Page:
- Reusable bags: If they’re made of material that can be wiped down, dump out any stray onion skins or bits of trash and wipe down at least once a month if using often, including the outside that usually ends up sitting on top of your counter. If they’re cloth, throw them in the laundry once a month. Mine are canvas with no writing so I dry them in the dryer too, but feel free to air dry if you would like. The heat of the dryer helps kill extra germs though.
- Keys: Something you could sanitize constantly, but my biggest advice is keep the keys you carry daily to a minimum and avoid keychain accessories that are hard to sanitize, like plush toys, ribbon, or tassels.
- Credit and debit cards: Just be mindful of how often you hand over your card for someone else to swipe, especially if it’s before you’re dining (thinking of grabbing a pastry at the bakery and eating it before sanitizing your hands or card).
- Headphones: Just another thing that gets tossed around a lot and that easily gets dirty. Probably not the most likely thing to get you sick, but especially if they are headphones you insert in your ears, it is good idea to wipe clean weekly. Use a toothpick to get into the tiny corners of the headphones if there’s any buildup.
Around the Office:
- Keyboard and mouse: A quick wipe with a sanitizer a couple times a week will make a big difference. Think about how often you immediately get on your computer after coming into your office (even if that’s at your house now) and how often you eat and type.
- Mouse Pad: This is a little more for visual effect as well as a healthy practice. I clean my mouse pad just a few times a year by washing it with hot water and soap right before I’m done for the day and letting it air dry overnight. I eat at my desk a lot so spills on my mouse pad are inevitable.
- Desk and chair: Every Monday or Friday, declutter and wipe away all the crumbs, leftover staples, and tiny bits of paper. Then give your desk a good sanitizing. Wipe down the top of your desk and any cabinet handles and chair armrests.
- Pens: Especially if you’re a person that without realizing it puts their pen in their mouth. It’s a hard habit to break, so just be aware of it and sanitize your pens often. I’m sure you’ve seen lots of offices have a clean and dirty jar for pens now. It’s not a terrible idea to have some system in place to clean your personal pens too.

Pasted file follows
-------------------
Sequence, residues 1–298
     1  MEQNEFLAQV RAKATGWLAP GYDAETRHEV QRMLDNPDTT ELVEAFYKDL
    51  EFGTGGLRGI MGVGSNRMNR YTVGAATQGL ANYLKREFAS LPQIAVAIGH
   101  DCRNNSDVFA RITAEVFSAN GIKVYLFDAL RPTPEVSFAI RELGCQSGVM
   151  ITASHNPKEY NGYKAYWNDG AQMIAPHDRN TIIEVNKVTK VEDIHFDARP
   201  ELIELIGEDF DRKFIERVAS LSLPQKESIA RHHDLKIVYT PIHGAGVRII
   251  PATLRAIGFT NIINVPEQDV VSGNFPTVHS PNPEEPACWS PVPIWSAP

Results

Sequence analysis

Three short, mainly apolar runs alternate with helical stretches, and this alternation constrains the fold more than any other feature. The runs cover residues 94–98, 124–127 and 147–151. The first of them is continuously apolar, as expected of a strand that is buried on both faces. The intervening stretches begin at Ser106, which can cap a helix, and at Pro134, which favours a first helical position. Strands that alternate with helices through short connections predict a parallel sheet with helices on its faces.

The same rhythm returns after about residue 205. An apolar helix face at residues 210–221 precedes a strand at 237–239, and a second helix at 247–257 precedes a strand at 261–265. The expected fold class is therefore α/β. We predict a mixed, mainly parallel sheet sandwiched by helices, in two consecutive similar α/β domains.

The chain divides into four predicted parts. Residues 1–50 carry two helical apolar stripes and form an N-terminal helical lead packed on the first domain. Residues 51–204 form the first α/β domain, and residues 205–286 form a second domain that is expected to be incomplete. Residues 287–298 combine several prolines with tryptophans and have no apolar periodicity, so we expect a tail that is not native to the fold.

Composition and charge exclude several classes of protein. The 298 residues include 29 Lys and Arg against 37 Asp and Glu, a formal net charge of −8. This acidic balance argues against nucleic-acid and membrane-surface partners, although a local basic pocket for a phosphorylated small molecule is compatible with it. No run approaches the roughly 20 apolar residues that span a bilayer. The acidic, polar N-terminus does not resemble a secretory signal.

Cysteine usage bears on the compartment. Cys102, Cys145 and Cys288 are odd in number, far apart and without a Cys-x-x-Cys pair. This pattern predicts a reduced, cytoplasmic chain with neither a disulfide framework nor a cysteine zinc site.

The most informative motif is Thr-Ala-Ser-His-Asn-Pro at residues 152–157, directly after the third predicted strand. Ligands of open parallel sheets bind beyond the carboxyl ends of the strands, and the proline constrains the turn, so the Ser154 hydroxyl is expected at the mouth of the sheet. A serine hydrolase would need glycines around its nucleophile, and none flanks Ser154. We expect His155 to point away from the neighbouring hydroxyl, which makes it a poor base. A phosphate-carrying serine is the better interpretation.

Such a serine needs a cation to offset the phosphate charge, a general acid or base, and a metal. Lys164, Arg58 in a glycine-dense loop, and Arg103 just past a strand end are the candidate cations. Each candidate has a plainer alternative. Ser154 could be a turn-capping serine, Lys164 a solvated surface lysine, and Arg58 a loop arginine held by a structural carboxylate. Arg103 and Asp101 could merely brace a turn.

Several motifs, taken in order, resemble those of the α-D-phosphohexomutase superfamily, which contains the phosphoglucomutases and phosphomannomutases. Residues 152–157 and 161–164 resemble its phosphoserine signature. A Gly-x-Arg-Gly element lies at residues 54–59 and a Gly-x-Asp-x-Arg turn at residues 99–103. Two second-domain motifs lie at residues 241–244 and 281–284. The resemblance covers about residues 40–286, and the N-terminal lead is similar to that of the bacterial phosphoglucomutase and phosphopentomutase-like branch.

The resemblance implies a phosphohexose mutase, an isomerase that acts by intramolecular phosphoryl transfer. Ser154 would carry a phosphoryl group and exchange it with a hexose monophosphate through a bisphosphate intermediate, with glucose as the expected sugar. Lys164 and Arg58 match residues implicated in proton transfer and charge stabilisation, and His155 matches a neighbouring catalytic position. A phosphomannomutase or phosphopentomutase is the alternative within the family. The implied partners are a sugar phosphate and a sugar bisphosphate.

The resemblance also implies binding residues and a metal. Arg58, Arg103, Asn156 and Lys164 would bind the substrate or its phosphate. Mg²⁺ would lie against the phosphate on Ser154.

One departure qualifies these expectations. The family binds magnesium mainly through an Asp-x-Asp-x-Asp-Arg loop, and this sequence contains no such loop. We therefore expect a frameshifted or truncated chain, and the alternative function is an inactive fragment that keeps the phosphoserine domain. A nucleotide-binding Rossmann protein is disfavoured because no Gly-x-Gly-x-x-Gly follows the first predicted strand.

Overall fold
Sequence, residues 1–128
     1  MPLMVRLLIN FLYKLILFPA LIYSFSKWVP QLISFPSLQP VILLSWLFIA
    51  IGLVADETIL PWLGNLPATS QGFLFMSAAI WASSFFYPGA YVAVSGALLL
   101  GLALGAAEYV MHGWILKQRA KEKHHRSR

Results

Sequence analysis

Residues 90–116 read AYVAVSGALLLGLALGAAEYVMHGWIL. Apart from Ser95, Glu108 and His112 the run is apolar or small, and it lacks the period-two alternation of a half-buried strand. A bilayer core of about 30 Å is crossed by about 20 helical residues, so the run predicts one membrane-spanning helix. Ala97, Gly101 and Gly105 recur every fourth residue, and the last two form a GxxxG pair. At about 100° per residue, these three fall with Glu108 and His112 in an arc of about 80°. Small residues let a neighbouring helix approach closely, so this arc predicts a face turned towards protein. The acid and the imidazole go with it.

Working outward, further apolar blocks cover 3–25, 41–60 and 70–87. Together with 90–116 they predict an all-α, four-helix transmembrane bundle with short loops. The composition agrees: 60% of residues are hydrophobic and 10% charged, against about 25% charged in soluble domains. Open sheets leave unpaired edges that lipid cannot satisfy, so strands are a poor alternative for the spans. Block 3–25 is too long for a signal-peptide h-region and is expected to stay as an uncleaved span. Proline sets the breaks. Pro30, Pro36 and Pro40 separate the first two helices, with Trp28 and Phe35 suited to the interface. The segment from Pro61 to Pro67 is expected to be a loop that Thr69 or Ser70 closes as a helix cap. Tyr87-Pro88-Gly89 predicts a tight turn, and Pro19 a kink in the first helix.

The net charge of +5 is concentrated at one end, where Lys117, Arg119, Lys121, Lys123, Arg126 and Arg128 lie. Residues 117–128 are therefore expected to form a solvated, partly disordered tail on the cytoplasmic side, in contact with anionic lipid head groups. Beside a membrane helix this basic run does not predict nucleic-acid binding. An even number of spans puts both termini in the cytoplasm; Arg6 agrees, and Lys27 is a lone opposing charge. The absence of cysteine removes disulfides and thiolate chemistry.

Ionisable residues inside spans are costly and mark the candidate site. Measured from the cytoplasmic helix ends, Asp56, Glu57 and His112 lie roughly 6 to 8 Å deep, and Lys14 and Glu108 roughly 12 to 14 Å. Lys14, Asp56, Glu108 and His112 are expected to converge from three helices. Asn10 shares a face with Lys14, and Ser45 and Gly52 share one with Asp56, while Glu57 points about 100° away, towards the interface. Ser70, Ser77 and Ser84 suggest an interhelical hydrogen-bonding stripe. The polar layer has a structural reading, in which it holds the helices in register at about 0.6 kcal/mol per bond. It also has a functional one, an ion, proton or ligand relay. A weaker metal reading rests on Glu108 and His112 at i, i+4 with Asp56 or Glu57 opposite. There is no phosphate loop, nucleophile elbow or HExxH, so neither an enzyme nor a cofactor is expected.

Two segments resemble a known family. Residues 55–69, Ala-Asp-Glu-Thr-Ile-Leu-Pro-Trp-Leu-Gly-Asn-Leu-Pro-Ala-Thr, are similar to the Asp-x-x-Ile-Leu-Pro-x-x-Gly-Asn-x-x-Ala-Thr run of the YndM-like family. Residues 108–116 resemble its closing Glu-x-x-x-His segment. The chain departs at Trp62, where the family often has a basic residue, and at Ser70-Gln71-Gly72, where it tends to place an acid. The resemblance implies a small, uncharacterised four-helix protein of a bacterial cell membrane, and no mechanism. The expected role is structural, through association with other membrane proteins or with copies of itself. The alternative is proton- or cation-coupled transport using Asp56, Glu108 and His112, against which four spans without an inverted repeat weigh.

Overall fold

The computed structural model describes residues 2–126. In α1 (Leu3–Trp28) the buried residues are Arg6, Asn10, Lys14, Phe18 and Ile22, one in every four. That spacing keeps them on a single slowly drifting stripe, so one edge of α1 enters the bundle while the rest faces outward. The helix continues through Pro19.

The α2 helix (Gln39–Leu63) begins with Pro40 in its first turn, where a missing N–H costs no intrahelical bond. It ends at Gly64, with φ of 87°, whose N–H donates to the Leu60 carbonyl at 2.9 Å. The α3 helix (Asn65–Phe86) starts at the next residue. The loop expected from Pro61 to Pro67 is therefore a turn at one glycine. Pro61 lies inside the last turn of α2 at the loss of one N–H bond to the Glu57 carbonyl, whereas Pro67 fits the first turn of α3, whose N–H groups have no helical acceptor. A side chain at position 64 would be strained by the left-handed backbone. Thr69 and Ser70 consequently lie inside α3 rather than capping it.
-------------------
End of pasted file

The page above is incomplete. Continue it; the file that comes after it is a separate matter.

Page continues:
Car, Hobbies, and other Outdoor Things:
- Yoga mat & other workout equipment: I loved this article from Food52 on when and how to clean your yoga mat. I don’t travel much with my yoga mat but I often do exercises on it with my shoes on and those do go outside. So it was definitely way past due to wash mine. The article gives some good tips on how to avoid removing the sticky part of your yoga mat too. After cleaning your yoga mat, are there other home workout gear that you’ve neglected? From a stationary bike to hand-weights to resistant bands. They all could use a good spritz of a sanitizing solution and a wipe down more often than we are probably giving them.
- Car handles: steering wheel, gear shift. I don’t know about you, but my car is the dirtiest thing I own. It’s the last place I clean and although it’s much tidier than in my younger days, it so quickly builds up grime and dirt. Do you eat or drink in your car? Think about eating a sandwich and touching your steering wheel that you cleaned when? A month ago? I just keep a container of sanitizing wipes in my car now and wipe the handles down often. I also make sure I sanitize my hands when getting in my car to stop the spread of germs more easily.
- Toys and sports equipment: Particularly if you have kids and particularly if outdoor toys also make it indoors (like a soccer ball), it might be a smart habit to sanitize those toys a couple times a month.
What are some things you sanitized that we missed? Anything we wrote make you realize that you may be spreading a little more germs than you expected?